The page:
Is your website GDPR compliant?

Have you got a cookie policy on your website? Are you advising website visitors of the fact that you are using cookies, what types of cookies you use and why?

Are you providing them with the options to accept, reject or modify their cookie preferences? Is your cookie banner appropriate?

If you’ve answered “no” to any of these questions, then your website doesn’t comply with the GDPR (General Data Protection Regulation).

So what can you do about that? A good place to start is the Data Protection Commission’s advice on cookies and other tracking technologies and its report on the way organisations are meeting the Regulation’s requirements.

But what about organisations that are happy with your privacy notice and have updated their cookie banner and policy so that it reflects the DPC’s recommendations? Does this now mean that your website is demonstrating your GDPR compliance?

Possibly not…

You also need to consider:

  • If you are processing personal data on your website, you must document an appropriate purpose as well as an Article 6 lawful basis for this processing?
  • If you are processing children’s personal data online, you need to ensure you have an Article 9 exemption, as well as a lawful basis and purpose for the processing.
  • If your website is displaying photos or videos (or links to either) and these media contain people – you need to ensure that you have a GDPR-compliant lawful basis and purpose for processing these images.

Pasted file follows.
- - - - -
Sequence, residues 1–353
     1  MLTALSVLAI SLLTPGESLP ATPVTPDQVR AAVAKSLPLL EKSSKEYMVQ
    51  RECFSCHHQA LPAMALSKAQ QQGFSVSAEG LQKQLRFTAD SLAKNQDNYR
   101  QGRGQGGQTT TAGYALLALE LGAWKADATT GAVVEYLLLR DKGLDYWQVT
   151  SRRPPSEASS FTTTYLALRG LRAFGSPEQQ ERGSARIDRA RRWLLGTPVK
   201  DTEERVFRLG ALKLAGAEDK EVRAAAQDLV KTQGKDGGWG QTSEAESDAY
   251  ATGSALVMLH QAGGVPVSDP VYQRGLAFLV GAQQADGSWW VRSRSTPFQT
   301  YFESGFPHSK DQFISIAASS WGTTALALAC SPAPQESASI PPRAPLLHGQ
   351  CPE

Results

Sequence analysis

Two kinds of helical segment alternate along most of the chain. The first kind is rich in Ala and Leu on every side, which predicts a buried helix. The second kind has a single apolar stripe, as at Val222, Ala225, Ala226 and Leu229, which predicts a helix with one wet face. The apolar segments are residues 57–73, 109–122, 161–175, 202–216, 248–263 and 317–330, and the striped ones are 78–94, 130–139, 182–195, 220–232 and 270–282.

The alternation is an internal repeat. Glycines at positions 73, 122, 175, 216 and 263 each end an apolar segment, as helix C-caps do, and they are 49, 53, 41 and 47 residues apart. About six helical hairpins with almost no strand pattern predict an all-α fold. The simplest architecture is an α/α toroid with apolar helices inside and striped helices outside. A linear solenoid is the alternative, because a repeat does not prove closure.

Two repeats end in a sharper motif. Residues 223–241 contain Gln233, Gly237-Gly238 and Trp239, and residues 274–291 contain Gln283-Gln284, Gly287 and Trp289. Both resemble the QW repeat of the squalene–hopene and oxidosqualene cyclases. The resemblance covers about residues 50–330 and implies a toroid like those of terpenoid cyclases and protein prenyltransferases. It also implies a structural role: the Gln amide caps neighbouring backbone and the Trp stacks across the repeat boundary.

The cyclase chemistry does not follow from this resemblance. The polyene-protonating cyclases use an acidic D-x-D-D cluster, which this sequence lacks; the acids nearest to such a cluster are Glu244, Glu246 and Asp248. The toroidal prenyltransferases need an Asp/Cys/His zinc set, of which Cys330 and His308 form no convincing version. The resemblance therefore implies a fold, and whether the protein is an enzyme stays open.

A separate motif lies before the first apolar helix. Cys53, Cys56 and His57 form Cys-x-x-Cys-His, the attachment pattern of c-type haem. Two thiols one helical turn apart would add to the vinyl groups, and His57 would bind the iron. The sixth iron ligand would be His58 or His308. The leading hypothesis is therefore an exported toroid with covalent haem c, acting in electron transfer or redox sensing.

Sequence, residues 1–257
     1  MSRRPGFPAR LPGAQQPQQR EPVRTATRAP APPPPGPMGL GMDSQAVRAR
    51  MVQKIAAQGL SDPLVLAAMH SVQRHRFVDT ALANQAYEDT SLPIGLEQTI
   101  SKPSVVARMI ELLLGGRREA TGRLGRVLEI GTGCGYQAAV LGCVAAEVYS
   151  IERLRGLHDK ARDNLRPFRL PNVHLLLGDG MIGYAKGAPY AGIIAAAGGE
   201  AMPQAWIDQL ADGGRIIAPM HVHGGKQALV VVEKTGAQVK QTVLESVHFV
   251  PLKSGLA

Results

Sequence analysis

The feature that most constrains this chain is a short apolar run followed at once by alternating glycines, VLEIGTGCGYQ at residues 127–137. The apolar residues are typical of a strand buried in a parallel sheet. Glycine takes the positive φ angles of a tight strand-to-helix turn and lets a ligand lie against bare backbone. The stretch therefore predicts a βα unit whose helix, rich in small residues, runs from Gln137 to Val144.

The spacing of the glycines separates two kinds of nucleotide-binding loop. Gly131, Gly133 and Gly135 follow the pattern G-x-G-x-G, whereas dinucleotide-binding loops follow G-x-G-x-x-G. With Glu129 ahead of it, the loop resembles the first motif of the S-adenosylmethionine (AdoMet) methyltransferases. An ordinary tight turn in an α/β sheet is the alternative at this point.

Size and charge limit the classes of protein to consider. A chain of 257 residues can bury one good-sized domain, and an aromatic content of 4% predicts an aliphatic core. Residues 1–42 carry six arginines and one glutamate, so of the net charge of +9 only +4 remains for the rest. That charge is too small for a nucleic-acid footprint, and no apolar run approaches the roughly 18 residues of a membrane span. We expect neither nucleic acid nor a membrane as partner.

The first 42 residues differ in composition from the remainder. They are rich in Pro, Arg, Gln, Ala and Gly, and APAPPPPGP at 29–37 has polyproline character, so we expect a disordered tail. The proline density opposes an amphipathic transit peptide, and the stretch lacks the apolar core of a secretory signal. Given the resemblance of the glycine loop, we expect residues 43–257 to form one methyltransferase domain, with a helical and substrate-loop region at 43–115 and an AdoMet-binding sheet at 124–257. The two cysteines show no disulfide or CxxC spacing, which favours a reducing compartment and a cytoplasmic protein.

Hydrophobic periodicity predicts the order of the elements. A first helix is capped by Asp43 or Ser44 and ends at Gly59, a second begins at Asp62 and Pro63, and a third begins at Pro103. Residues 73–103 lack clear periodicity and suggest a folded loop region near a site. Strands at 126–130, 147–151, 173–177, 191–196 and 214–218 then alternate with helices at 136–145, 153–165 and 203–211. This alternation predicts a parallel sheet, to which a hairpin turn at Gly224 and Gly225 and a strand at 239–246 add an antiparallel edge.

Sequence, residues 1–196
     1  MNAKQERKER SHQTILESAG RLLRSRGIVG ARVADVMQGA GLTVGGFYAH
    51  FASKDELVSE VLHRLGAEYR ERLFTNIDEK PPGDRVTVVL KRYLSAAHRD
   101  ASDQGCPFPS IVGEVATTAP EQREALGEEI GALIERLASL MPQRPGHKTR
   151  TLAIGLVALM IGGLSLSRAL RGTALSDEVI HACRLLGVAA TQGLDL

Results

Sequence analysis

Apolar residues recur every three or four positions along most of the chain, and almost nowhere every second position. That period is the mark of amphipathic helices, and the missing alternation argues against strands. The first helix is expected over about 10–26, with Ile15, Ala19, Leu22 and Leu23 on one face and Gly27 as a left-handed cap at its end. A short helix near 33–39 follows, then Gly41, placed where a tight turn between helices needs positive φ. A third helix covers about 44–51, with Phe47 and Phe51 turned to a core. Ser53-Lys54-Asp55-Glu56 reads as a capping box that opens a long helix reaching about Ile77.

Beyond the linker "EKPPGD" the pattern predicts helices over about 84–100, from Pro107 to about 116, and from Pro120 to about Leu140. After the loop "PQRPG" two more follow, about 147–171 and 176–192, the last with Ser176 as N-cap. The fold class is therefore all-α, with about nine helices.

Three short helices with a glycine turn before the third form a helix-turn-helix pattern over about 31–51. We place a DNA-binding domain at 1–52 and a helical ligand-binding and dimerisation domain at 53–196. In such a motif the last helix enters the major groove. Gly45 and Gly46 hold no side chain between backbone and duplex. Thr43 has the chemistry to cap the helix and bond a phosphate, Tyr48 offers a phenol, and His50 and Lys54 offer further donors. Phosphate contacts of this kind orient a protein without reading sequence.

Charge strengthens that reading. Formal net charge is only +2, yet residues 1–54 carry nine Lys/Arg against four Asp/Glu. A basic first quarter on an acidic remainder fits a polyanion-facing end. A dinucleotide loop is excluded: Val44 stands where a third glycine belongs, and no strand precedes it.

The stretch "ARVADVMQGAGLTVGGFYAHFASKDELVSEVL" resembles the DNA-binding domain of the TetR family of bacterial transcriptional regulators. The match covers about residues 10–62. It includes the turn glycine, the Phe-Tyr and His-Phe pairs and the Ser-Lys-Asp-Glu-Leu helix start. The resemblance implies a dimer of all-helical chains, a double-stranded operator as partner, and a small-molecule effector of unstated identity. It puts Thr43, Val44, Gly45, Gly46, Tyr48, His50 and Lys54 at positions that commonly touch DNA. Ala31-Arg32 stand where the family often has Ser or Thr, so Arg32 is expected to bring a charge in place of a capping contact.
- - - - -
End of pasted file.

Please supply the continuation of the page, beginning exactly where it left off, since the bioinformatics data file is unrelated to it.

• If you are using an online application form or online “contact us” form, you must check that your wording appropriately outlines the purpose and lawful basis for capturing this information.
  • Whether information being gathering via a “contact us” form is being used for purposes other than that which is was collected, such as marketing. If so, you should check whether you have a lawful basis, inform data subjects of your practices and provide a link to your privacy notice.
  • If you are gathering information via your website, how long are you storing this information and how is it protected? Are you making people aware (via the privacy notice) of these details?
  • If you are using testimonials from clients on your website, have you obtained their consent to quote their names? How long are you storing their consent?
  • If you are using photos or videos of your employees on your webpages, you should ensure that the employee contract, the data privacy notice and the data privacy policy cover such purposes.

If you think your organisation needs to work on any of these requirements, you must act now. The DPC recently published a report stating that will start enforcing cookies requirements more rigorously, following an investigation that revealed widespread non-compliance.

So, what’s next?

You can get up to speed on the GDPR and how it’s obligations affect you (including your webpages) – check out our Certified GDPR Foundation Training Course.

This one-day course is delivered by an experienced data protection expert, and provides a comprehensive introduction to the Regulation and its rules.

It is ideal for managers who want to understand how the Regulation affects their organisation and employees who are responsible for GDPR compliance, and is available in a variety of forms, including online and self-paced.

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